There were so many questions facing me. I knew that I had to trust God for my own needs, I could not escape that, but should I send the Chinese away and discontinue the work? I put out a fleece as Gideon of old did and asked the Lord, that if it was His will for us to carry on as before and trust Him to provide, that He should put His seal upon such a step by sending to me that day some cash. It did not matter how much, but I would take it from Him as a token that more would follow when needed. I made note of this in my diary but told no one about it.
The evening came when I must make a definite decision and I looked in the Word of God for a message from the Lord. My eyes fell upon that beautiful verse in Deuteronomy 33:27 – “The eternal God is thy refuge, and underneath are the everlasting arms....” However, I read it from a daily reading book, and it was taken from a modern speech translation and read a little differently and brought an entirely new thought to my mind. It read: “Above is the God of aforetime, beneath are the arms of the ages.” I began to ponder on just what that meant. Above is the “God of aforetime.” Aforetime: it meant that above was Moses’ God, the God that had fed the children of Israel for forty years in the wilderness where there was no food. The “God of aforetime”: it meant that above was Elijah’s God, who had fed His servant by the ravens. The “God of aforetime” was George Müller’s God who had fed the thousands of English orphans.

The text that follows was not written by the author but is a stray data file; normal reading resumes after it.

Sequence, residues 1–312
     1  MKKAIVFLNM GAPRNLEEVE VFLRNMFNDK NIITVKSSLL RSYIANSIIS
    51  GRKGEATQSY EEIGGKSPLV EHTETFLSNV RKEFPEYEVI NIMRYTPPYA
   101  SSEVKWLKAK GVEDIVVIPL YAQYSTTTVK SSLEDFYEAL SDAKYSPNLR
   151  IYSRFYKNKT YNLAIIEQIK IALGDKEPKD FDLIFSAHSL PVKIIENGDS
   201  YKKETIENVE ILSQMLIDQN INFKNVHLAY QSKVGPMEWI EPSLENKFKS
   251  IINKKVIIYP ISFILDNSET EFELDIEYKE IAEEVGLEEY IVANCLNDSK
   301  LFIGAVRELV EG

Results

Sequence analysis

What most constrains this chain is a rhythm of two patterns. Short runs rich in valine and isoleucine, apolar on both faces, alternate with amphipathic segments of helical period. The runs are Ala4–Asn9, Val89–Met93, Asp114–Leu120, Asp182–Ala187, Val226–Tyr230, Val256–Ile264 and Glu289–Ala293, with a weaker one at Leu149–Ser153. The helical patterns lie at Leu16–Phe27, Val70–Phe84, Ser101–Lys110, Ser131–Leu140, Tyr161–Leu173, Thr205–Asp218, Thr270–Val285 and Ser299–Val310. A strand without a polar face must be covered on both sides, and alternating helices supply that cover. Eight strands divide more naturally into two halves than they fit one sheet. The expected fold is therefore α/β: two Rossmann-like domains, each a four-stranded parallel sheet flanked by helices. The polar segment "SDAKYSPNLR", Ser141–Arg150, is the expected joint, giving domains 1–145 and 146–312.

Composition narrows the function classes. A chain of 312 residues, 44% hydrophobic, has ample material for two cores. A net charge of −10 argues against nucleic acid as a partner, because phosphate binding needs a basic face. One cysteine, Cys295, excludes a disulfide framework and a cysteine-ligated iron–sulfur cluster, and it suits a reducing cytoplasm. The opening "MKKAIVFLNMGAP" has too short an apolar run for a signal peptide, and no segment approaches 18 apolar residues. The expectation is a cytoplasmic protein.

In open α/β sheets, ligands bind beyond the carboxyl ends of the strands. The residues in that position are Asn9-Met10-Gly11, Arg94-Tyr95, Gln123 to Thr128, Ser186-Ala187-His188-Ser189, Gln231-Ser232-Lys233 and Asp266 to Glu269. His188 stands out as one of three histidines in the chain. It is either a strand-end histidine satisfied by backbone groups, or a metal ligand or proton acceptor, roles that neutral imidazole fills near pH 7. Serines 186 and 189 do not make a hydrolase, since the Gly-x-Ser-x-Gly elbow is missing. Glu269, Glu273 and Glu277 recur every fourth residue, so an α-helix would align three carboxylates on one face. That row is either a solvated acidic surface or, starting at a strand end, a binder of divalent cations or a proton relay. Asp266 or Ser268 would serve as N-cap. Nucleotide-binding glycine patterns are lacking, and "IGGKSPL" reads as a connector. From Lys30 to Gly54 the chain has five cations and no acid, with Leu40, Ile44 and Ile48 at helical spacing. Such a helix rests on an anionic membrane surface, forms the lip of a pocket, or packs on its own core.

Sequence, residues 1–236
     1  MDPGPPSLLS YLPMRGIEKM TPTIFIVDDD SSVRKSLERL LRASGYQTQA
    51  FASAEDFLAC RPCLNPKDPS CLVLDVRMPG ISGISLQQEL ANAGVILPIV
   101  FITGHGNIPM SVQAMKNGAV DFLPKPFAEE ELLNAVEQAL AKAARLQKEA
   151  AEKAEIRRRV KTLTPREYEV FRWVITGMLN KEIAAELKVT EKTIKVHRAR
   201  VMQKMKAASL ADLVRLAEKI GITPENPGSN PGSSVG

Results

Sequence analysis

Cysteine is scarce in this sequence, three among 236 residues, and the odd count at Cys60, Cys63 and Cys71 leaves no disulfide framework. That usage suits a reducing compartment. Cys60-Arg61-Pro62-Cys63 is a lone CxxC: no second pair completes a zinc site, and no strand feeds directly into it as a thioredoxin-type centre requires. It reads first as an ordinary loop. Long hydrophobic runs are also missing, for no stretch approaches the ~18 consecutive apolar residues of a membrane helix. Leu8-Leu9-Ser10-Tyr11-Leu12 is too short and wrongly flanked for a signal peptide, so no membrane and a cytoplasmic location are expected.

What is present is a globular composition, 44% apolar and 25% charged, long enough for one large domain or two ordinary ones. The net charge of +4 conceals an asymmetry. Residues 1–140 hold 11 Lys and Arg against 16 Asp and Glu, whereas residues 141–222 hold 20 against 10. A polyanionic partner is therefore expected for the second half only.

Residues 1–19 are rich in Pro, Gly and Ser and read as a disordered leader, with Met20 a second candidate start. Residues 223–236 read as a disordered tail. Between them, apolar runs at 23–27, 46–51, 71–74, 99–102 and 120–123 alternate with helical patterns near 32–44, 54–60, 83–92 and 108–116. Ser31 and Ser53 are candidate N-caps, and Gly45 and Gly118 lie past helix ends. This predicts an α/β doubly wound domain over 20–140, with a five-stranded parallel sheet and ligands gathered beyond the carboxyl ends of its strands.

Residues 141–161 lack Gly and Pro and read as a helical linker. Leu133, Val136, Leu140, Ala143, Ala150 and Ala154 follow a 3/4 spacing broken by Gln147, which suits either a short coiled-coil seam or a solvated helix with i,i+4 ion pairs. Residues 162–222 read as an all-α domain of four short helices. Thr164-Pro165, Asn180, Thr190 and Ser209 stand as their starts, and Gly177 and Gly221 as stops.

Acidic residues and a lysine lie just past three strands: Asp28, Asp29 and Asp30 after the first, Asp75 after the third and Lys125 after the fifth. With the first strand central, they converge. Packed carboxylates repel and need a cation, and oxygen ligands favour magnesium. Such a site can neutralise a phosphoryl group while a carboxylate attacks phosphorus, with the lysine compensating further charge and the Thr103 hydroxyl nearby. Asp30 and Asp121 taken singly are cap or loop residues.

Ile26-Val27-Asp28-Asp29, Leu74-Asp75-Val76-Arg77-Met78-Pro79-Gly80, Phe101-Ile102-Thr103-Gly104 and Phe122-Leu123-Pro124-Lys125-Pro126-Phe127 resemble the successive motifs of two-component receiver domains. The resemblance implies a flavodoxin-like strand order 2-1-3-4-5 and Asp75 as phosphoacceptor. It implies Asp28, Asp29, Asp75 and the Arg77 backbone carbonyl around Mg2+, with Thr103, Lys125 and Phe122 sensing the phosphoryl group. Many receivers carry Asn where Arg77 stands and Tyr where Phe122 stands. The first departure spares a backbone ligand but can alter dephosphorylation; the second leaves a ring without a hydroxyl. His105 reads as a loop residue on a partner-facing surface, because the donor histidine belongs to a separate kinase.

Yes, and that same miracle-working God was my God, and beneath are the “arms of the ages.” This brought yet another new thought to my mind: above I had a God who could answer and work miracles, but if He had other plans for us then beneath were the arms that had upheld the saints through countless ages and had given grace to the martyrs. These loving arms that sustained them could still hold me and our Chinese who, with me, were relying on God. I purposed in my heart to trust Him, to lean back and rest in the Arms of the Ages.
That night I gathered my Chinese workers about me and explained the situation to them and gave them the opportunity of leaving and going inland if they chose. Each one had to make his own decision, with the exception of the children who were too young to choose for themselves. All decided to remain and carry on the work and trust God to provide for our daily needs.